Ben Steel in ‘The Show Must Go On’.

While the impact of coronavirus on the screen industry has been sobering and tough for all, producer Sue Maslin is particularly concerned that the documentary sector is falling through the cracks.

Independent documentary – distinct from reality and factual entertainment, often associated with larger enterprise – is particularly vulnerable at this point in time, Maslin says.

The vast majority of such filmmakers work in either small companies, as sole traders or as contractors, with many falling outside of government support nets such as JobKeeper and potentially isolated. COVID has also coincided with the ABC cutting $5 million from independent commissions (much of which will come from the factual slate), and there is downward pressure on philanthropic funding due to the economic downturn.

Indeed, even prior to COVID the doc sector was vulnerable, battling market changes and diminished funding from broadcasters and screen agencies. Many such filmmakers self-fund development, often work in small teams and deal with difficult subject matter, which can lead to issues such as vicarious trauma.

Sue Maslin.

On Thursday, Maslin’s Film Art Media will present a free webinar for documentary filmmakers focused on mental health and wellbeing, supported by Screen Australia and the Documentary Australia Foundation (DAF).

“Our question for documentary filmmakers is very simple: Are you okay? I’m very concerned that documentary filmmakers have been under the radar in the broad conversations that have been taking place to date around the response to COVID,” Maslin tells IF.

The webinar forms part of the Wellness Roadshow, the centrepiece of documentary The Show Must Go On‘s impact strategy. Directed by Ben Steel and produced by Maslin, the film premiered on the ABC last October during Mental Health Week, highlighting mental health challenges faced by those working across entertainment in areas such as screen, music, dance and live performance.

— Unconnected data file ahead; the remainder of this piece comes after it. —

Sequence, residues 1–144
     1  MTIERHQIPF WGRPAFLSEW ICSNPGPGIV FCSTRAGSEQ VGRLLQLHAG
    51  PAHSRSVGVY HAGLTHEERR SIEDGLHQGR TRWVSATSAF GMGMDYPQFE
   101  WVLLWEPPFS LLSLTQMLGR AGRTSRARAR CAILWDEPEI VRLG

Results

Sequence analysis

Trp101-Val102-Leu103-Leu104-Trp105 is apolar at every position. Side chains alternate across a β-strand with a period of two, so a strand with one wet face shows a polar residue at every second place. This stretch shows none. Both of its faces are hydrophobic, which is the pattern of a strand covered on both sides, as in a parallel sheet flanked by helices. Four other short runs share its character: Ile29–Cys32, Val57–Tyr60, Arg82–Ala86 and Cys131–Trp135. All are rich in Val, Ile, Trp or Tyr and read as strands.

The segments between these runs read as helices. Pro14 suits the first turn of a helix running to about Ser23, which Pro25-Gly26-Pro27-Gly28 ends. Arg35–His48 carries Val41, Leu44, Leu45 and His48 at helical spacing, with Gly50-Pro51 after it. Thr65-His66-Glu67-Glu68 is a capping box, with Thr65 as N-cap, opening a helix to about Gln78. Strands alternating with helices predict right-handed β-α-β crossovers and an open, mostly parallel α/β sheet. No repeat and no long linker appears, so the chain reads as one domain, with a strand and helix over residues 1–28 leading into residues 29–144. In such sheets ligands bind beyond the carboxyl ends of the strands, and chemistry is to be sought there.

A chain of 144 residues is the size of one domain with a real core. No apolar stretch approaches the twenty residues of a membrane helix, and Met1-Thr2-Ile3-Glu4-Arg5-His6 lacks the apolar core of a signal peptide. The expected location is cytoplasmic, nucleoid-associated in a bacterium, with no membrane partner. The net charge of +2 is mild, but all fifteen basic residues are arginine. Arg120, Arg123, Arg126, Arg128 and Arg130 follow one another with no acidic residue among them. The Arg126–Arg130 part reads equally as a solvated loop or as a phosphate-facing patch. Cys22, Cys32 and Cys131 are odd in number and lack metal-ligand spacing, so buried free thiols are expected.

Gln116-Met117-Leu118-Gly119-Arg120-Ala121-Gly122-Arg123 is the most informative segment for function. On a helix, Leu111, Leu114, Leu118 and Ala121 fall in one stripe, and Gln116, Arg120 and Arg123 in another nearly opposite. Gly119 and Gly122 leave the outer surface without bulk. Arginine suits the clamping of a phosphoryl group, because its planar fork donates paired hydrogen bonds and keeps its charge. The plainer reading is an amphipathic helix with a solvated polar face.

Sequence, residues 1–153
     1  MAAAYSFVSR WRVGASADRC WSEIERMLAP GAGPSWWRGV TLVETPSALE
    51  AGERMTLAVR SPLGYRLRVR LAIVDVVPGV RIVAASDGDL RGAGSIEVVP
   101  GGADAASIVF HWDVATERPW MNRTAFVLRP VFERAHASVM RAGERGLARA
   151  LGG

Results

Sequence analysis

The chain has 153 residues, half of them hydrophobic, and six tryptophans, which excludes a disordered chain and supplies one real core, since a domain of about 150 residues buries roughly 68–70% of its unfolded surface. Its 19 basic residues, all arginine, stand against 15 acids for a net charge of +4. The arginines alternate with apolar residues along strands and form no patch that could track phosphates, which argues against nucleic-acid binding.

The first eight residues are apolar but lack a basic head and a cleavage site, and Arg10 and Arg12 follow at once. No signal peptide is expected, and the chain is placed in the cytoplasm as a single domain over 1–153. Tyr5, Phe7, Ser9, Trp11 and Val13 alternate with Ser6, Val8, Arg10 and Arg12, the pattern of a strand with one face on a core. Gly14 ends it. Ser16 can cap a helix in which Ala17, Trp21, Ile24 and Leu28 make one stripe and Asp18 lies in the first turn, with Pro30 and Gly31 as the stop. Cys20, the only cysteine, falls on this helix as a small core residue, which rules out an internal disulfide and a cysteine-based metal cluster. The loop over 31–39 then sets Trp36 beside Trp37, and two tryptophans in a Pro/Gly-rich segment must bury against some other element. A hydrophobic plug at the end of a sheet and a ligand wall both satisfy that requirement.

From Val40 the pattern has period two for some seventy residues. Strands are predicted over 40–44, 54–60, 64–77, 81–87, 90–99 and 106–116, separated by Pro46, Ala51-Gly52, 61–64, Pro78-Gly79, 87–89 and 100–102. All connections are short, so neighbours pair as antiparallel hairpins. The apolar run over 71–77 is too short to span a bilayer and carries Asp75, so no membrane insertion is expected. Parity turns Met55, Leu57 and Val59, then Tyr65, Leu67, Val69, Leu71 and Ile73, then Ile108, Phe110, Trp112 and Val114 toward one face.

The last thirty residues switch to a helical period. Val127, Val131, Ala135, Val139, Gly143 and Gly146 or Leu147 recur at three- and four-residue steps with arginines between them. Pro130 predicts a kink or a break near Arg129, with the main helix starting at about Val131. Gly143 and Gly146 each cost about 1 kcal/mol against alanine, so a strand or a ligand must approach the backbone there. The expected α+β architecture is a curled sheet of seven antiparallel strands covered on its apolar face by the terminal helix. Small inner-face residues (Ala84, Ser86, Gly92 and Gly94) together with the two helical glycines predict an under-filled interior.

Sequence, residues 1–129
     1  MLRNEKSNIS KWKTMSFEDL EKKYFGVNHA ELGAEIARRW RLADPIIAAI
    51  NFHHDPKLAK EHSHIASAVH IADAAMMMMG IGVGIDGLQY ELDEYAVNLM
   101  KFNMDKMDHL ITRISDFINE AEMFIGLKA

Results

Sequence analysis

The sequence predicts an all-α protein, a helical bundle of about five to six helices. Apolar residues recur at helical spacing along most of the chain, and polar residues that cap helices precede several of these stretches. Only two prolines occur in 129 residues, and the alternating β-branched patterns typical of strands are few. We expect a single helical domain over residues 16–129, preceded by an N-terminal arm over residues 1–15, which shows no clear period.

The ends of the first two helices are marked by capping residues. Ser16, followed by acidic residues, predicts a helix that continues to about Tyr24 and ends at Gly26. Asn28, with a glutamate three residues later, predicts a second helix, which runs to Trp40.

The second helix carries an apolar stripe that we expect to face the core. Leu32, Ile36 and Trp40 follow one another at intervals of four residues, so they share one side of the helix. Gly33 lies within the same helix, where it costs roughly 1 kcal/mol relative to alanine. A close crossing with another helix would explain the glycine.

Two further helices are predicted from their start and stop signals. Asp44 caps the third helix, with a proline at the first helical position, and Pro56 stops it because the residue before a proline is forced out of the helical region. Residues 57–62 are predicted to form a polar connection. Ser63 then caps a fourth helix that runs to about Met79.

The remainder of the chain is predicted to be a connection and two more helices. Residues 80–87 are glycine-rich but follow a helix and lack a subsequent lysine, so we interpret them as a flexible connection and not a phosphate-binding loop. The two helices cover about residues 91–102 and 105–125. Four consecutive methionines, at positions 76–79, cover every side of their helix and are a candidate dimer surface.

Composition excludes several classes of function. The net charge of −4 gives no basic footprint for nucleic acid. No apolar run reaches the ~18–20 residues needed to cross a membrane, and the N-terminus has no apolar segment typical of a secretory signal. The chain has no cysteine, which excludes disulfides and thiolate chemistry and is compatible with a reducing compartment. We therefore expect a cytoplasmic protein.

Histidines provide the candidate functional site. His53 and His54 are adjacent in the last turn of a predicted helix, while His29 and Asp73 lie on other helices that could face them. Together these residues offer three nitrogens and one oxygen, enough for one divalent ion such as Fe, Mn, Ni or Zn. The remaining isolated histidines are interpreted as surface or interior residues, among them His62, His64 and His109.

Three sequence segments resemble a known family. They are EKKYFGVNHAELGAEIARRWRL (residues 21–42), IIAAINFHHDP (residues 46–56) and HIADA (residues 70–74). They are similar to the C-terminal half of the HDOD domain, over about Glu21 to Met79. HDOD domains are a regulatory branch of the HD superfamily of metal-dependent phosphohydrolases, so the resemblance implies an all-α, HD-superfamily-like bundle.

Victoria University and Entertainment Assist research from 2016 showed that anxiety symptoms for those working across entertainment are 10 times higher than for the general population, sleep disorders seven times higher, and symptoms of depression five times higher. Suicide attempts in the industry are double the national average, and suicide ideation six times greater.

Over the past six months, Steel, Maslin and impact producer Diana Fisk have run panel discussions for hundreds of entertainment workers across Australia to discuss mental wellbeing; sessions aimed at providing resilience and resources to deal with to the challenges that come along with working in this industry. The events are put on in partnership and with support of organisations such as Entertainment Assist and the Arts Wellbeing Collective.

Initially, Maslin hoped to spark a national conversation around mental health, helping to remove stigma and encourage open discussion. However, the impact of COVID has “turbocharged” the conversation around financial, structural and mental health challenges in the industry as a whole. Wins have included getting the Support Act helpline extended to cover all sectors of the arts.

“We’ve gone way beyond fear of stigma. We are, as an industry, openly talking about these issues now because we understand the fallout and the consequences of COVID.”

Thursday’s session, tailored for docomakers and moderated by Maslin, will feature a panel that includes director Ben Steel; DAF director of impact and education Clara Williams Roldan; producer Pauline Clague, who manages the University of Technology Sydney’s Cultural Resilence Hub, and psychologist Julie Crabtree.

It’s Maslin’s hope that the session will give documentary filmmakers a forum to come together to realise they’re not alone, and give them vital resources. Ultimately, she wants to empower the documentary community.

“Don’t suffer alone. There is help. We’re here to help point you in the right direction, and drive an awareness that will hopefully make for better outcomes for all creatives, but particularly documentary filmmakers in this instance.”

To register for the webinar, go here.

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